Barely a week after Take-Two Interactive acquired mobile game developer Zynga for a massive $12.7 billion, tech giant Microsoft pulled out a show-stopping move. It was announced in January that the company that brought you Call of Duty and World of Warcraft would join the Microsoft family. But what does this shift in gaming power say for the future of Web3 and the evolving metaverse?
Microsoft’s acquisition of Activision Blizzard is the most expensive deal in game development history at a whopping $68.7 billion. This merge will create a massive opportunity for Microsoft to grow the Xbox Game Pass library. However, this growing power in gaming development could close doors for third-party developers in the future, particularly smaller independent companies, and make distributing new games a lot harder.
Acquisitions and mergers are becoming more and more common in the gaming industry. But conglomerating massive studios and publishing platforms under one roof could be a step toward monopolising the incoming metaverse.
This hasn’t gone unnoticed by the Federal Trade Commission, and the deal will be reviewed before approval. FTC chair Lina Khan has previously sued to block two major takeovers and only recently announced plans to toughen merger reviews which could affect this deal as they investigate whether the acquisition will harm competitors. To factor in this review, Microsoft has planned a timeline to complete the deal by the end of 2023.
In this post, we’ll discuss the evolution of cloud gaming, the cracks in a centralised system and how these growing gaming monopolies may come into play when it comes to the metaverse. Since ‘gaming is how most people are going to step into the metaverse for the first time.’
A brief history of cloud gaming
For years now, there has been a trajectory toward cloud gaming, bubbling away in the labs of gaming giants. A timeline began way back in 2000 when Finnish start-up G-Cluster announced the first cloud gaming technology at E3. Since then, video gaming giants have grappled their way toward cloud gaming projects of their own. Today, three of the biggest names, Sony, Google and Microsoft, all have their own creations available to the public. But how do their journeys compare to one another, and how will their futures tie into the metaverse?
Sony kicked off its entry into cloud gaming shortly after acquiring Gaikai, who had already begun developing cloud gaming software. In 2014 they announced the PlayStation Now service, which would allow members to stream PS2, PS3 and PS4 games on their PlayStation 4, 5 and PC. By 2015, Sony’s PlayStation Now was opened to public access in America and the UK before slowly rolling out to Europe in 2016 and Japan in 2017. They’ve announced plans to discontinue this service in recent years, merging it into the PlayStation Plus tiered model.
Google had similar plans with ‘Project Stream’, which eventually evolved into the Stadia, the cross-platform cloud gaming service we know today. Publicly launched in select countries in 2019, Stadia was hit with mixed reviews, with much criticism toward the content library and falsely promised features. However, the Stadia controller has been commended for its versatility to connect with different platforms and other cloud gaming services like PC gaming on Steam or Xbox Cloud Gaming.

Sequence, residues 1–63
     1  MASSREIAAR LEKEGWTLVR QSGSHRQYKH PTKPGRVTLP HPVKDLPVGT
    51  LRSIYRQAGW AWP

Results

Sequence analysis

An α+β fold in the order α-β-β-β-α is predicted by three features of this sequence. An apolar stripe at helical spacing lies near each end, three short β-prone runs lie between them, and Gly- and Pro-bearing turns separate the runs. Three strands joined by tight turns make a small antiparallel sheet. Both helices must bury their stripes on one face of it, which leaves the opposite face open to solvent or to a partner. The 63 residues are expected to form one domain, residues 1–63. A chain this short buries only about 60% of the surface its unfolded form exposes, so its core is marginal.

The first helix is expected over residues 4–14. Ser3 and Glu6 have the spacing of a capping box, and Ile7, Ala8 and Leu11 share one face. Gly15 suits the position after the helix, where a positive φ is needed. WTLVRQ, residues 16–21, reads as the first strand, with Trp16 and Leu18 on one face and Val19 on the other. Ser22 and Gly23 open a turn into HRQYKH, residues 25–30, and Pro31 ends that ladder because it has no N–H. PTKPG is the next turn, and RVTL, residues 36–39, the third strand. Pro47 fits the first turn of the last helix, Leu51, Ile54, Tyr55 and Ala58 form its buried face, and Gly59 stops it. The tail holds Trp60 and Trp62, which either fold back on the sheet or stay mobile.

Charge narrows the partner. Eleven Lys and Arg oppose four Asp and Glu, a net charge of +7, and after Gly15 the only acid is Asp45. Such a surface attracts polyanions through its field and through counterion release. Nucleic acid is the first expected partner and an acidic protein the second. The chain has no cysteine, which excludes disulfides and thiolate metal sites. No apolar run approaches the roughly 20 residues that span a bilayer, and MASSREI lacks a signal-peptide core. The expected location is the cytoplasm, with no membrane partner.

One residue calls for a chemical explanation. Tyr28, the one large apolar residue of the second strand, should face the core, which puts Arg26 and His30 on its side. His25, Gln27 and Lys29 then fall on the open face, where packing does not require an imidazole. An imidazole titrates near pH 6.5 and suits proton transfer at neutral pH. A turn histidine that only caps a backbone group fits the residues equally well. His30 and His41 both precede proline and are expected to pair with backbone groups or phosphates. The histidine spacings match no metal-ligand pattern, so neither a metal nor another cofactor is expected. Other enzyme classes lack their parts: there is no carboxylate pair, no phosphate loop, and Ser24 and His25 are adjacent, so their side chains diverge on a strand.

Alongside Stadia, Google slowly built a team of games developers and established Stadia Games and Entertainment which focused on the internal development of games for the cloud gaming software. However, this was cut short last year when Google shut down the division, affecting 150 employees. They decided to make the platform more amenable as a publishing platform for other third-party developers, seemingly in the opposite direction to where Microsoft is heading.
What we know of Xbox cloud gaming today has been in evolution for a long time now. When Phil Spencer took over as Head of Xbox Brand in 2013, he brought ideas to revolutionise the way people game. A desperate attempt to steer away from the entertainment system sell that former head of brand, Don Mattrick, had previously placed on the company during the launch of the Xbox One.
One of these ideas was creating a gaming rental service, code-named Arches. At the time, Spotify and Netflix were thriving in their respective industries and proving the success of subscription models for entertainment services. This prompted Microsoft to pivot in the same direction. However, this new direction came with a lot of criticism from games developers, questioning the pricing of the service and the model’s success rate when applied to gaming.
Alongside this, Microsoft’s child company Rare worked on a multiplayer game known as ‘Rare Next’ which later developed into Sea of Thieves, the first first-party game to be released on Xbox Game Pass as a day-and-date release. Another strategy taken from entertainment streaming services in the past. The Xbox Game Pass was rolled out in 2017, first for Xbox Insider members, then for Xbox Live Gold Members, and then, beyond.
To date, the subscription service has surpassed 25 million subscribers, completely eradicating any doubt in the system. These figures were announced on the same day as the biggest acquisition in gaming history.